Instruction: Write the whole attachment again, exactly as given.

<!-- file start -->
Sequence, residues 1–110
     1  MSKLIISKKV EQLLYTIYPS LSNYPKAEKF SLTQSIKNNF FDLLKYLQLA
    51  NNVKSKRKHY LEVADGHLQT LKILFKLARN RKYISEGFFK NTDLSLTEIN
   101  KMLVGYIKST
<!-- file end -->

Sequence, residues 1–110
     1  MSKLIISKKV EQLLYTIYPS LSNYPKAEKF SLTQSIKNNF FDLLKYLQLA
    51  NNVKSKRKHY LEVADGHLQT LKILFKLARN RKYISEGFFK NTDLSLTEIN
   101  KMLVGYIKST